Staining Center

Application Tools

  • Sprayer
  • Brush — 5” block
  • Pad
  • Nap Roller

Techniques

Using a brush or paint pad will give you the most control. Brush application (natural bristle) is the preferred method because it works the oil-based stain into the wood fibers and cells more effectively. To avoid lap marks, make sure that the leading edge is kept wet and that the wet stain is brushed into the wood. On new decks, it is important to only apply one coat of oil-based deck finishes.

Staining Techniques
During new construction, staining should be a 6-sided process, don’t forget to stain the sides and front and back edges of the board.
Illustration

A contracting team may apply using a roller or sprayer, but this should always be followed by back brushing. This technique should only be used by professionals with the ability to work quickly.

Are More Coats Better?

A major source of problems for deck finishes is the over-application of the coating. Many homeowners and even some professional paint contractors incorrectly believe “more is better.” In order for an oil-based stain to be effective, it must be able to penetrate the wood’s surface. Over-application leads to a buildup of material, forming a film on the wood which can ultimately peel or crack when exposed to excessive moisture. Too much oil-based product can also produce an excessively waxy, sticky or slick surface, interfering with the finish’s ability to dry properly.

Color Coverage

Brushing Stain

There are important objective factors that influence color perception. Among these are the coatings themselves, the wood or substrate texture, subcoats and light source. The color of the wood or substrate will affect the appearance of all stain products; and this is especially true of clears, translucent, semi-transparent and semi-solid stains. Porous wood, such as rough-cut lumber, will absorb more product and allow more of the substrate to show through.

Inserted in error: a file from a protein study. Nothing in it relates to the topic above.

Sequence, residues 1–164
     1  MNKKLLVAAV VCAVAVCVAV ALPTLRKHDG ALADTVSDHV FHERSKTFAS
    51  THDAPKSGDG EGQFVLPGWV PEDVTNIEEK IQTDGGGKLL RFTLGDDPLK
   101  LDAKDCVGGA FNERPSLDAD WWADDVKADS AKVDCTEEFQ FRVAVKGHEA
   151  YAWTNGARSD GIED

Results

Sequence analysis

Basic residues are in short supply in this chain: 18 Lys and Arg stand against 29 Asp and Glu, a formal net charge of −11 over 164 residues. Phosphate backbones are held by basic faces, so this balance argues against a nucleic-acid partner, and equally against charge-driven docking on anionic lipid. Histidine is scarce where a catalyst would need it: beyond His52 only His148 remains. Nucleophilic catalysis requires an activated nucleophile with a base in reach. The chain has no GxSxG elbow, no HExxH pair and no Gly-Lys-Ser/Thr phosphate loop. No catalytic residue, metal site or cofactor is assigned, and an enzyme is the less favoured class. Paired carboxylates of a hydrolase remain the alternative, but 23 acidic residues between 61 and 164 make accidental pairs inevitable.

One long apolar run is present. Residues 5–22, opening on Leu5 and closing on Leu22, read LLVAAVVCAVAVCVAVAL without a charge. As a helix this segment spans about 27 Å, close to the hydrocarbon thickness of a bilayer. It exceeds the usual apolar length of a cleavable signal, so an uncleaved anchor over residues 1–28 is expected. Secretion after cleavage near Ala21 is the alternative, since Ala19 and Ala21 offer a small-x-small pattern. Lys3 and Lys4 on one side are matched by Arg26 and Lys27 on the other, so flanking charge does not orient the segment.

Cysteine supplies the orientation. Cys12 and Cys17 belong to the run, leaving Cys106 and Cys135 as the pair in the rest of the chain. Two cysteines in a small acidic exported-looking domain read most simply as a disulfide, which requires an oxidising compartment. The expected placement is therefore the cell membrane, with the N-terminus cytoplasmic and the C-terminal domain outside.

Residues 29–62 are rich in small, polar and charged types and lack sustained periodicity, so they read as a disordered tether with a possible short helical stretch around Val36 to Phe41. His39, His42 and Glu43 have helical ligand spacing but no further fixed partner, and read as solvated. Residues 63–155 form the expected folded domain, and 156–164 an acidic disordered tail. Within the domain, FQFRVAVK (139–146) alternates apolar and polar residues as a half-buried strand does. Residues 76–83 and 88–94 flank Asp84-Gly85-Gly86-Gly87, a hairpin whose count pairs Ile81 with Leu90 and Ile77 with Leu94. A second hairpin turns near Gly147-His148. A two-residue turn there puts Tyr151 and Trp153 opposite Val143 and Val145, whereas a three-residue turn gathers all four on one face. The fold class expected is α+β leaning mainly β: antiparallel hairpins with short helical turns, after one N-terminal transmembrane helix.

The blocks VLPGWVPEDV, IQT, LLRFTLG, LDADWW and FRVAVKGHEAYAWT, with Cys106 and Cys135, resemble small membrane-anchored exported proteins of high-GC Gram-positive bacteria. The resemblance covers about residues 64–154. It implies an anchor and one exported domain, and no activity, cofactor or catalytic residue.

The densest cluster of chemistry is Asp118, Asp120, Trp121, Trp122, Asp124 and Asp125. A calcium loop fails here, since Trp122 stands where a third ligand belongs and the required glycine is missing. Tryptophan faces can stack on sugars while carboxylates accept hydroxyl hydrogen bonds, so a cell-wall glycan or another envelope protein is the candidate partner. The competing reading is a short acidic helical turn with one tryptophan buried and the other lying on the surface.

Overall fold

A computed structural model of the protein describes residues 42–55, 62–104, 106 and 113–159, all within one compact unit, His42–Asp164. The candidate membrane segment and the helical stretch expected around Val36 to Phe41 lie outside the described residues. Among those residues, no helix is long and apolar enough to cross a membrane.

A color will appear different under various light sources as the pigments in a coating absorb or reflect different wavelengths of light. Observe the color under the proper light source; i.e., exterior stains should be viewed under daylight conditions.

Color samples such as color cards and stained or painted wood chips offer an approximation of the true color. Never rely solely on a small chip to determine a final color choice. A color chosen from a one-by-one inch sample will look a lot darker when applied to a large surface. In addition, take into consideration that store-matched colors may not match exactly to a manufactured ready-mix color.

For best results, a sample of the chosen color should be brushed out on the surface to which it will be applied. Colors change as they dry; therefore, no color decision should be made until the product is completely dry. This is especially true of latex or water-based products.

Just like all home improvement projects you want to be mindful of the safety instructions on the products and tools. Always apply common sense liberally, wear clothes you don’t mind ruining and protect your skin and eyes.